You Go First

Reflection on the 7th Sunday after the Epiphany, Year A

 

Textual focus: Leviticus 19:9-18; 1 Corinthians 3:18-19; Matthew 5:38-48
Click here for biblical texts

 

Give to everyone who begs from you,
Jesus says that, oh yes he does, and more, too:
Turn the other cheek, give up your cloak,
do not refuse anyone, anyone,
who wants to borrow from you.
How can we keep the economy going
with talk like that? And what about the beggars,
what if they use my money to buy booze?
What good is that?
Respond to being forced to go one mile
by going the second mile—what if I don’t have time
to go that far?
Don’t resist an evildoer, love your enemies,
pray for your persecutors:
How can we live in the world today
with attitudes like that? Does he even know, or care,
about ISIS and our opponents from the other party?

The world is a tough place; you’d think Jesus
would know that, given how Rome treated
the Jews, how Herod killed cousin John.
Sometimes, I think Jesus lives in another world.

Oh, right, he does.
And he keeps trying to get me to join him there,
except for him the there is here, now. 

This didn’t start with him either, he knows
Leviticus: leave the gleanings of fields
and vineyards for those in need
(remember Ruth?), no defrauding your neighbor,
no keeping wages of others, no false swearing,
no slander, no unjust judgments;
you shall love your neighbor as yourself
(yes, Jesus was repeating Leviticus).

So why is it so hard for me, maybe you, too,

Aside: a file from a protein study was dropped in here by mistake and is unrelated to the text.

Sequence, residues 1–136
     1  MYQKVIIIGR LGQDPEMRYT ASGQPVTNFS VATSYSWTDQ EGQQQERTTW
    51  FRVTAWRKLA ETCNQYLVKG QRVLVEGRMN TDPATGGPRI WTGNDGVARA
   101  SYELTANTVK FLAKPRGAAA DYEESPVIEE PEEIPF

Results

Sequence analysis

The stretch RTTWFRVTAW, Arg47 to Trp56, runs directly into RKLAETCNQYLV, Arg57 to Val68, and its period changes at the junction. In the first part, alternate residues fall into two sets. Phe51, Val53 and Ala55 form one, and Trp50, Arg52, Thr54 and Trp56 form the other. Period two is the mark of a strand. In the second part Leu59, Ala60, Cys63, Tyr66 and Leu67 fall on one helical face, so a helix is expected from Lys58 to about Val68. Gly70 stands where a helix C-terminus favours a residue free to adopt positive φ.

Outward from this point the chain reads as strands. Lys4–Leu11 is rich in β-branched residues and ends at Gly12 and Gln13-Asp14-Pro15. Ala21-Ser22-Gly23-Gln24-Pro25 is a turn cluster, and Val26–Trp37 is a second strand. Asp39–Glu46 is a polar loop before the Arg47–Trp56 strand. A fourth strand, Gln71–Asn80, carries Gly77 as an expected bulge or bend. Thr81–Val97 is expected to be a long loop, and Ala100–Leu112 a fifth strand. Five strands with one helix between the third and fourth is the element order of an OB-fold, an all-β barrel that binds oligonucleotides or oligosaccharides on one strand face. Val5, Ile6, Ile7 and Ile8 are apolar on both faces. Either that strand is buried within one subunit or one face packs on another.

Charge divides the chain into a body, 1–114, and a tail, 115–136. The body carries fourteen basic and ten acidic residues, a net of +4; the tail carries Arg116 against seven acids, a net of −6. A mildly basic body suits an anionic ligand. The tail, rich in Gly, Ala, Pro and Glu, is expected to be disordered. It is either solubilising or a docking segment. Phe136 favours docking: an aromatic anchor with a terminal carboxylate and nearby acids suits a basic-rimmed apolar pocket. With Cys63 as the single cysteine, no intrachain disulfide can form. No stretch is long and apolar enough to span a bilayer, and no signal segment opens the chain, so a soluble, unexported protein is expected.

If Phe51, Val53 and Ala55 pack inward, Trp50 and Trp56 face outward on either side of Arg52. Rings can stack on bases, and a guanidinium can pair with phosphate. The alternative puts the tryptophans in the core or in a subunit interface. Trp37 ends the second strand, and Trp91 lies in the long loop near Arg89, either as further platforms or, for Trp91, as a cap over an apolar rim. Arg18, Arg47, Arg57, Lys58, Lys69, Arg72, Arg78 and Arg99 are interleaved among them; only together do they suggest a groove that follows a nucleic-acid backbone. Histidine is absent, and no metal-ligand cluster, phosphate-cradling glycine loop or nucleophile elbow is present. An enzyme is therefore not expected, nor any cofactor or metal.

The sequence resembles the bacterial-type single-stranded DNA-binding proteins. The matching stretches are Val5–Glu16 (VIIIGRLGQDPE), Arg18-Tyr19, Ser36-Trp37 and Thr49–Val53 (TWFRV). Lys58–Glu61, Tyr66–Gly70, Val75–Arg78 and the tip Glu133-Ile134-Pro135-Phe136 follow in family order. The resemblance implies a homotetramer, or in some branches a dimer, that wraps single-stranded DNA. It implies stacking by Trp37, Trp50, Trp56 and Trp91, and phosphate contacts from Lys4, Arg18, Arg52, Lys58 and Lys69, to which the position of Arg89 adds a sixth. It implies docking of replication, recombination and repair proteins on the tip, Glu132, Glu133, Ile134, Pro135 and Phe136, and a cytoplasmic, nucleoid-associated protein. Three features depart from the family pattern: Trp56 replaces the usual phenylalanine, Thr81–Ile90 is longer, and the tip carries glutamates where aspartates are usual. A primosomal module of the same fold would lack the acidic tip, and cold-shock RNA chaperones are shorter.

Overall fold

to go where Jesus goes, to be one
of the people of the Way—some of his
early followers were called that—to live
with open heart and open hand,
to speak in love even to those
whose ugly words and deeds
cause me to shudder and rise in anger
to say No? Can I do both? Can I say no
and also say I love you? Why not?
Is not all possible with God?

Paul told Corinthians the wisdom
of this world is foolishness with God;
so, he said, become fools
that you may become wise.

So let us dance in the street
when there is no music
except the tapping of our souls,
let us toss coins in the air
and take beggars to lunch,
let us hug the racists and the thugs,
let us find men and women in need of coats
and strip ours off our backs,
and do all generous, foolish things that
will cause authorities,
and our families and churches,
to question our sanity,
believing, knowing(?), that is where and when
we will find Jesus.

You go first, I’ll follow.

 

 

writing+poetryAbout this poem: As faithful people we really do love Jesus, want to serve God, but it can be very difficult when what we encounter in Scripture demands a whole different way of living, not just a way of life, but actual behavior changes in everyday life. The texts in this week’s lectionary really challenge me, and I imagine others, and frankly I am uncertain how to proceed. If I do as they instruct, it seems I shall soon be a pauper, probably begging myself. Can that be right? Maybe, if we all did it together…….would that work better? Is that what the writer of Leviticus, Paul, and Jesus are talking about?
©Robin Gorsline 2017 FaithfulPoetics.net

Looking in the Mirror

Response to Proper 21, 19th Sunday after Pentecost, Year C (Luke 16:19-31)

(Click here for biblical texts)

 

People of means in your church help pay the bills, including
salaries, and especially the pastor’s,
and they are usually pleased and proud to do so,